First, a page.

Tips & Tricks

Here you will find a lot of information and tips & tricks on the topics of miking, recording, mixing and mastering. The site will be expanded continuously.


Microphones are responsible for the first conversion (from acoustic to electrical energy). There are various specialists for a wide variety of applications.

Working principles

Working principles

Basically there are pressure receivers and pressure gradient receivers.

Pressure receiver

A pressure receiver has a membrane that closes a sealed system. It reacts directly to changes in air pressure - similar to a barometer. Microphones of this type pick up the sound from all sides. Therefore these microphones have a omnidirectional characteristic. Pressure receivers are the most natural-sounding microphone types. On the one hand because they can transmit frequencies down to almost 0 Hz, on the other hand because their omnidirectional characteristics have a very smooth frequencyresponse from all sides. A disadvantage of these microphones is their high mechanical and acoustic sensitivity. But they can be a revelation in good-sounding rooms. Interestingly, pressure receivers also have a proximity effect. However, this is the opposite of other microphones: The pressure build-up emphasizes the highs and not the lows.

Pressure gradient recievers

In the case of pressure gradient microphones, the membrane closes off a partially open system. Through slots in this system, changes in air pressure occur on both sides of the membrane so that they cancel each other out. The microphone only responses to differences in air pressure in front of and behind the membrane. By cleverly arranging these slots and using "delay elements", the various directional effects result:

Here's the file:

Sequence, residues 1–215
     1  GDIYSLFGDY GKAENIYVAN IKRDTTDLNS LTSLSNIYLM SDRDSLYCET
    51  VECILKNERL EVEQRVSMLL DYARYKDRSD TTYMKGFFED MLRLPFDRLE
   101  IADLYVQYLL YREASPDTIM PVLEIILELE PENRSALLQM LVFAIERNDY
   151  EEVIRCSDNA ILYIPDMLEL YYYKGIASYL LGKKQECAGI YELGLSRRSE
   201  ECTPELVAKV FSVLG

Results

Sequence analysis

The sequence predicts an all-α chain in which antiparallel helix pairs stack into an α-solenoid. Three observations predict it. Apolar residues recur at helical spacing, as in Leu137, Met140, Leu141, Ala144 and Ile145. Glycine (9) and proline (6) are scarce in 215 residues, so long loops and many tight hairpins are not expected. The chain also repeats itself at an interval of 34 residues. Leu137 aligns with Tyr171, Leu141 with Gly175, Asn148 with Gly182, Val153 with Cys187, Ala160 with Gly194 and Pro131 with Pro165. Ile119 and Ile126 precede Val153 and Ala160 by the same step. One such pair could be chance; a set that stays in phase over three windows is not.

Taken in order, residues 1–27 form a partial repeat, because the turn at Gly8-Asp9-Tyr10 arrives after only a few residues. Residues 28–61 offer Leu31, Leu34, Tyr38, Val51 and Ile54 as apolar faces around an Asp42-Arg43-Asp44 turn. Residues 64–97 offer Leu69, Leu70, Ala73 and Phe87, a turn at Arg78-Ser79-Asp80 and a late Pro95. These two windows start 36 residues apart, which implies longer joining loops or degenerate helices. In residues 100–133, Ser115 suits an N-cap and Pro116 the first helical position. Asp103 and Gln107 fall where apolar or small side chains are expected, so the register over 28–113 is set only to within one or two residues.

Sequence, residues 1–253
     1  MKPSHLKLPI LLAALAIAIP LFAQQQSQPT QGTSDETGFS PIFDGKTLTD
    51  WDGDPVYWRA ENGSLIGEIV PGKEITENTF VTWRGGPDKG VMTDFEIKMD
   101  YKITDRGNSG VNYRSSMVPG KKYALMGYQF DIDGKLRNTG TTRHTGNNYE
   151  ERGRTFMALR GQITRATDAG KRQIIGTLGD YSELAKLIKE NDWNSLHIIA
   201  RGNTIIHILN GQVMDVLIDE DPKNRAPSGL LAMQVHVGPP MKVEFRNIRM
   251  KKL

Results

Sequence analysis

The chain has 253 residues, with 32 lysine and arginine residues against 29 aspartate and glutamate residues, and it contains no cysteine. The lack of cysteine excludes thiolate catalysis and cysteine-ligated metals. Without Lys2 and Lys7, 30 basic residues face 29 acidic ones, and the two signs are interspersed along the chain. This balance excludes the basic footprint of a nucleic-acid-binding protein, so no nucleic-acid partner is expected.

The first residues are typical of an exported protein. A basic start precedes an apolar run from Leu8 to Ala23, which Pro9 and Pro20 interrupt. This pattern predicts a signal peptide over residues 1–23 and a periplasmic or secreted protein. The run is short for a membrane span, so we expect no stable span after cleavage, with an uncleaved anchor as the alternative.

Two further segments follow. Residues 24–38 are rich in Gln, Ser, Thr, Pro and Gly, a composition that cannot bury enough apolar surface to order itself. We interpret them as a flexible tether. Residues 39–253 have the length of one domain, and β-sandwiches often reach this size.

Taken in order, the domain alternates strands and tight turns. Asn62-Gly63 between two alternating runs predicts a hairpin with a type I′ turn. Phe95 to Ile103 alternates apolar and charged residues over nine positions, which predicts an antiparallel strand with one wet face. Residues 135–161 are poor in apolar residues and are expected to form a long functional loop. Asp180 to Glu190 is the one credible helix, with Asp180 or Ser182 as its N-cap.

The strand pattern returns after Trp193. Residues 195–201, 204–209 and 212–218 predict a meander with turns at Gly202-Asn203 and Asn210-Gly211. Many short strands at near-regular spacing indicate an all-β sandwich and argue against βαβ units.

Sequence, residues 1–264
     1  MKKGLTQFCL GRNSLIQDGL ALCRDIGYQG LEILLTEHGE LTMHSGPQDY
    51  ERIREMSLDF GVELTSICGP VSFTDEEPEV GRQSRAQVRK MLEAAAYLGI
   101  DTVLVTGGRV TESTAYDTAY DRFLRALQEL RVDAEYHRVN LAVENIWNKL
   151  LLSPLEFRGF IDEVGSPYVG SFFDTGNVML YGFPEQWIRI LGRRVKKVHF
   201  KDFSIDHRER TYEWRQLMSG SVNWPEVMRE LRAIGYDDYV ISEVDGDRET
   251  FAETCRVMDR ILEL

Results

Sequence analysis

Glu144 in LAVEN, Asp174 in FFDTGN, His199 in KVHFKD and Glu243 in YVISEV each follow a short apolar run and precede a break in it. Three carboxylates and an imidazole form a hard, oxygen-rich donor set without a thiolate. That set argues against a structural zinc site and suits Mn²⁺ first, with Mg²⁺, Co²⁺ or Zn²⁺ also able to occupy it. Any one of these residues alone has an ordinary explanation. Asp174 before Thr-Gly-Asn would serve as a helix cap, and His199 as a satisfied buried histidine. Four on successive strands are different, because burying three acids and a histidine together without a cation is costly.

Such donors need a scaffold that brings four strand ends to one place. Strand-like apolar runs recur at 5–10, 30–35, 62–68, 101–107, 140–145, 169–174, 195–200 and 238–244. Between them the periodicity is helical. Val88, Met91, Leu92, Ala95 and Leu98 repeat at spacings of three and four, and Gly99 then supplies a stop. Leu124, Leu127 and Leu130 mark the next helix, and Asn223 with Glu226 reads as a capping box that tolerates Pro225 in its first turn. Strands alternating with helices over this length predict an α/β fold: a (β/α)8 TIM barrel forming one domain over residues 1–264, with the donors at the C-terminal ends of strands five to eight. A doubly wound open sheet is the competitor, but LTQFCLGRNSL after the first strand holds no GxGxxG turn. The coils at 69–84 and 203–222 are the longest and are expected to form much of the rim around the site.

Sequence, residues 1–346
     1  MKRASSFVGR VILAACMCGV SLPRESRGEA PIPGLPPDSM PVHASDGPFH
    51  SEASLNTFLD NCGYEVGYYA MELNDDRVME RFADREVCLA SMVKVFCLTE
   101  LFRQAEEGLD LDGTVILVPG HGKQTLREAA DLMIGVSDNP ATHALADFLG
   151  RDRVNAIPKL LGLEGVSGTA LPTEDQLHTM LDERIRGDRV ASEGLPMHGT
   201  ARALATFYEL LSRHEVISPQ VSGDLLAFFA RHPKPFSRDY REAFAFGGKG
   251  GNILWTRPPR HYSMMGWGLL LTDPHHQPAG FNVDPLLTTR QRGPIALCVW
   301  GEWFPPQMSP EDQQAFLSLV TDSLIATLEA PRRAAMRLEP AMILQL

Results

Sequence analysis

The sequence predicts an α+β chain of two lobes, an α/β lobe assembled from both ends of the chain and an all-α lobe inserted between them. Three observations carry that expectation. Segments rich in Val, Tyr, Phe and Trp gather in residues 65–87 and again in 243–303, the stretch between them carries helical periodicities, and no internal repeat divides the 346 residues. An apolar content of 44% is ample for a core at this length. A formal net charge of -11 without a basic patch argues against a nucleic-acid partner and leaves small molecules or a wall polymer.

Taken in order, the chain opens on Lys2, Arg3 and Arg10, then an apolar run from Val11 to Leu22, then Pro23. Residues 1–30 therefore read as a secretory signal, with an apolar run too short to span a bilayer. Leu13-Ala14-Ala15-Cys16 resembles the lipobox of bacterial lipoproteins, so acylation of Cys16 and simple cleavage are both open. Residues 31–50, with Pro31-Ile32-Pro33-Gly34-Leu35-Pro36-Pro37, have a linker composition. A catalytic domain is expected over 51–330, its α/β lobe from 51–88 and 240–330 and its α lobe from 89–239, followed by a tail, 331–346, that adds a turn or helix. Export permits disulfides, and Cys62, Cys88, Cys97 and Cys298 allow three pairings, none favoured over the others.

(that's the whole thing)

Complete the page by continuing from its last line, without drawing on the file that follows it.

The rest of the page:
Polar pattern

Polar patterns

Pressure gradient receiver can have different directional characteristics. Basically, the different directional characteristics can be designed in two ways:

1.) Mechanically
By using pressure gradient capsules with cleverly placed slits behind the membrane and delay elements, any desired directional characteristic between omni and figure of 8 can be created.
2.) Electrical
Here two cardoid capsules are glued close together. The different directional characteristics arise through different electrical interconnection: If both capsules are switched an omni is created. If only the front capsule is switched a cardoid polar pattern is created and if the rear capsule is switched with reverse polarity, a figure of 8 polar pattern is created.

The Polarflex system from Schoeps makes use of this. Here, 2 microphones, one with an 8 characteristic and one with an omnidirectional characteristic are phase inearly mixed in three frequency bands. As a result, any directional characteristic can be achieved for these frequency bands; even after recording.


In theory, omnis receive sound equally from all sides. Due to the shadowing of the microphone body, this is no longer completely true at frequencies above approx. 2 kHz. Omnis can be created in two ways: Mechanically by using one pressure receiver capsule or by using two glued together cardoid capsules that are electricaly interconnected